Market economy

Figure 1. An Inquiry into the Nature and Causes of the Wealth of Nations (The Wealth of Nations in short form) by Adam Smith, it is the seminal work regarding free market economics, published in 1776.[1]

A market is a medium which facilitates the exchange of goods and services between buyers and sellers. A market can be physical or virtual and is defined by the different goods and services exchanged in it.[2] A market facilitates the transactions between two or more parties who exchange goods and services, (most often) money, information, or anything of value to the selling party. The interaction of buyers and sellers in the market determines the supply and demand of the goods and services being exchanged and therefore the price and quality of the goods is also determined.

Market Economy

A market economy or free market is a market that is unrestricted by regulation and the economy is therefore subject to the market forces. The free market is an economic structure pioneered by Adam Smith in his work, The Wealth of Nations. The model is driven by supply and demand where there is perfect competition, buyers and sellers may transact as they please and government regulations do not obstruct or control the transactions. Taxation and other government regulations can disrupt this free exchange and sometimes disrupt the equilibrium creating inefficiencies.[3] In a free market, instead of governments making economic decisions it is the interactions between buyers and sellers which determine the direction of the market.[3]

Effects of a Free Market

Market economies are not ‘perfect’, however, the absence of government regulation allows certain market structures to emerge and change the way a market operates. There a number of ways in which a free market can produce inefficient outcomes or undesirable market structures such as externalities, monopolies, oligopolies and others. These structures can distort prices by restricting supply or demand.[4] The under-supply and imperfect price standardization in a market creates a deadweight loss in the economy which causes inefficiencies in the market and can have negative effects.[5] Free markets are inherently prone to an unequal distribution of wealth in the economy, this is often measured using the Gini coefficient.[6]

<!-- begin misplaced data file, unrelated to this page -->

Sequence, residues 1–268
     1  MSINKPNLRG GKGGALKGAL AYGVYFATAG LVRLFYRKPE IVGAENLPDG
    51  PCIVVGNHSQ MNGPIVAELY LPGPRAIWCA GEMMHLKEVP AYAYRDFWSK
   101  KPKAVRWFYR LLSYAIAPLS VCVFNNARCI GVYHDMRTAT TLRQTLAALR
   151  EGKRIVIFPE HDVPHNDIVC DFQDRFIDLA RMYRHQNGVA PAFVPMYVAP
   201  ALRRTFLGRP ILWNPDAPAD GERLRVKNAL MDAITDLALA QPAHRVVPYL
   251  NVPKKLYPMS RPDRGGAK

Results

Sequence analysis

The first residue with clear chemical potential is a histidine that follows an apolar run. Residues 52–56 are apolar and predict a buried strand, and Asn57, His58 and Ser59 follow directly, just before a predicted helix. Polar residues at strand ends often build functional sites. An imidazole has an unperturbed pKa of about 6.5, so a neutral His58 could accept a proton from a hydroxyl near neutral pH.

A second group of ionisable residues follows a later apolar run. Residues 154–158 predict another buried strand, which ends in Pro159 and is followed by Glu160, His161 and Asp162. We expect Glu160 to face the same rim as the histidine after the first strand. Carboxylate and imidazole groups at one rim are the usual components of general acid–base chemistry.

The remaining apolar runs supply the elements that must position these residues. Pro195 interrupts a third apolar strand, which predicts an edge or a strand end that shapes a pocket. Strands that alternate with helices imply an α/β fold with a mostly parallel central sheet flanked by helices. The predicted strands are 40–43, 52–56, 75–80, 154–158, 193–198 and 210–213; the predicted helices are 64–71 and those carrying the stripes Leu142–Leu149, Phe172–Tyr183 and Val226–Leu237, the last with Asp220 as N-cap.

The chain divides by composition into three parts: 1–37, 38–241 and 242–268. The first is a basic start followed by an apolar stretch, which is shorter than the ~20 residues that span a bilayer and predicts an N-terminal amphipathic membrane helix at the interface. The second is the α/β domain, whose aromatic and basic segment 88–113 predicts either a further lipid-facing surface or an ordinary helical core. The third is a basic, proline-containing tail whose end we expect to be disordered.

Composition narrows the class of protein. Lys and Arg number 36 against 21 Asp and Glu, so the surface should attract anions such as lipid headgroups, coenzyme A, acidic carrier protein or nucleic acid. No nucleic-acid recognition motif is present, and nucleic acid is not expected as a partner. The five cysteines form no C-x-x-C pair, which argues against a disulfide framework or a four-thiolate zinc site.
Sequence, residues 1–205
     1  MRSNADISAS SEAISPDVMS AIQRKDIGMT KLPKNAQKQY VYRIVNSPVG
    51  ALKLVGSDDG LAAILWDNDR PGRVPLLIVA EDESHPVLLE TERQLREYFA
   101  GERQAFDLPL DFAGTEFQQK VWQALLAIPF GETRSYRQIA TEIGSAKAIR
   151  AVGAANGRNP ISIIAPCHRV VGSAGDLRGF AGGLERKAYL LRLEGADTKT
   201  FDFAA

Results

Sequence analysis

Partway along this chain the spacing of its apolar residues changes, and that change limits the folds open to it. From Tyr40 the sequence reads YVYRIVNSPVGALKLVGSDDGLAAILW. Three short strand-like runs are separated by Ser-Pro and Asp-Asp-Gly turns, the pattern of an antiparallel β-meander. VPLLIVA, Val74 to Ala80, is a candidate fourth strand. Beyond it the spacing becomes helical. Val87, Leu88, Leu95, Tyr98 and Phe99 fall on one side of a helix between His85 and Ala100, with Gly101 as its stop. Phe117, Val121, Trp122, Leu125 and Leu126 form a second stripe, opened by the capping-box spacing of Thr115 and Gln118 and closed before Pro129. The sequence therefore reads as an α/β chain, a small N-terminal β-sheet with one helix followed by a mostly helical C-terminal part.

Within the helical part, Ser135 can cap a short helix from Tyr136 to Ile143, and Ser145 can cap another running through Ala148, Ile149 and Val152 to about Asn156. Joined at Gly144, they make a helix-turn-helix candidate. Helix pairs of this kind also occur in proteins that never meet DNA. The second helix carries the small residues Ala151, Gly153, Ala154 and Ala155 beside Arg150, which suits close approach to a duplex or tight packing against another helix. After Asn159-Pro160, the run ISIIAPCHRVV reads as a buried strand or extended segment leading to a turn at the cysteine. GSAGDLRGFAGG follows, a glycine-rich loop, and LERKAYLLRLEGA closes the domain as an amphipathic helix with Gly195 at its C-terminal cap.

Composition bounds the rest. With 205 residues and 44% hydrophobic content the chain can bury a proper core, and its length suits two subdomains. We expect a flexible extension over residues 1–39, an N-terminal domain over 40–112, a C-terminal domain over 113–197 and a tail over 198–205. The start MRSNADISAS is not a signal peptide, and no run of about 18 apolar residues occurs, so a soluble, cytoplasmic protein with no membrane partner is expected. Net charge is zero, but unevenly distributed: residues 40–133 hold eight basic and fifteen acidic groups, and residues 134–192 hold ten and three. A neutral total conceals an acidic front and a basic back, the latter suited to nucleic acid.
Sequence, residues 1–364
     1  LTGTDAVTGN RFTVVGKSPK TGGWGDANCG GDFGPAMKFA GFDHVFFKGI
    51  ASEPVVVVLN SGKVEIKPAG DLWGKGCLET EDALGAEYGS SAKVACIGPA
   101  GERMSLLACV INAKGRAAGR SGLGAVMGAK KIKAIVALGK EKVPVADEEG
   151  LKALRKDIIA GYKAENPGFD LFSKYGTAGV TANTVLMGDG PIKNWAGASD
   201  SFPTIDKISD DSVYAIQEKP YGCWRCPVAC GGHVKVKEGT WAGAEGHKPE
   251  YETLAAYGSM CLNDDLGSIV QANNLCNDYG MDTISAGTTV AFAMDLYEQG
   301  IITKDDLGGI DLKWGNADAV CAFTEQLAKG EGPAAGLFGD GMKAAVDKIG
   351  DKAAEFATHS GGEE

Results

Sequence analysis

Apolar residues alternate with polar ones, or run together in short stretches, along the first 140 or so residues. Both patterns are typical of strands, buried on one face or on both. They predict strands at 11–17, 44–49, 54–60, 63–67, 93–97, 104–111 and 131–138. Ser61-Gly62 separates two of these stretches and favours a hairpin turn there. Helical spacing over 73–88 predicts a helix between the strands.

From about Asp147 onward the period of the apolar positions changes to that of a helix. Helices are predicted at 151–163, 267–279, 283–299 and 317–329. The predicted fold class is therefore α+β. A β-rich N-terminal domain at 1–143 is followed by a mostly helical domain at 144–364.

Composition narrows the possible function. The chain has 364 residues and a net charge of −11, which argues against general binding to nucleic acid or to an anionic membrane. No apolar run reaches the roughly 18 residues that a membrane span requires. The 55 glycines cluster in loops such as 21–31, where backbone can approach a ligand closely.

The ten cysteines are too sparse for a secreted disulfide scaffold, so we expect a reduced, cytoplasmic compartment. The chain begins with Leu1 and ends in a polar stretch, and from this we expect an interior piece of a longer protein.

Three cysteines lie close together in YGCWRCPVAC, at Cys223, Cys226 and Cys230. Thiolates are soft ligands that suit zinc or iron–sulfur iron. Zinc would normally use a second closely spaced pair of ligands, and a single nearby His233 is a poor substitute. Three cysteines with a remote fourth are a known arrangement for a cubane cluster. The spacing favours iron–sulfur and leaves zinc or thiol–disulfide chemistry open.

A market economy can produce externalities. Externalities are effects experienced by third parties as a result of economic activity.[7] These effects can be either negative such as pollution from burning coal for electricity, or positive such as the implementation of higher safety regulations at nuclear power plants. A negative externality occurs when the social cost is greater than the production cost or private cost. This means that the parties creating the externality do not take into account the negative effects of their actions. If coal-fired power plants do not employ equipment to reduce the harmful effects of emissions then there is a greater social cost as emissions can affect the health of those living close to the plant.

A positive externality occurs when the social cost is less than the private cost thus creating a potential gain in welfare or an increase in social good.[7] There are ways in which a free market can compensate for negative externalities created by its unregulated activities without government intervention or the implementation of regulation. These are called market solutions. One such way is the Coase theorem which suggests that if there is a desire to correct a negative effect they experience, they can incentivize or compensate the party creating the effect to stop a certain activity or introduce another. The population living around a coal plant (perhaps the municipal government) could pay the plant to implement the new technology in order to reduce the negative effects caused by its emissions.

For Further Reading


  1. Wikimedia Commons, [Online], Available: [June 22, 2016]
  2. D. Rutherford. ‘’Routlege Dictionary of Economics’’. London: Routlege, 1995, pp. 286.
  3. 3.0 3.1 J.Black, N. Hashimzade, and G. Myles. (2009) ‘’A Dictionary of Economics’’, 3rd ed. [Online], Available:
  4. A. B. Abel, et al. Macroeconomics, 6th ed. Toronto, Canada: Pearson, 2011, pp. 216.
  5. A. Goolsbee, S. Levitt and C. Syverson. ‘’Microeconomics’’. New York: Worth Publishers, 2013, pp. 373-374
  6. P. A. Rogerson. "Gini Coefficient of Inequality: A New Interpretation". Letters in Spatial and Resource Sciences, 6. pp 109, August, 2013.
  7. 7.0 7.1 A. Goolsbee, S. Levitt and C. Syverson. ‘’Microeconomics’’. New York: Worth Publishers, 2013, pp. 645.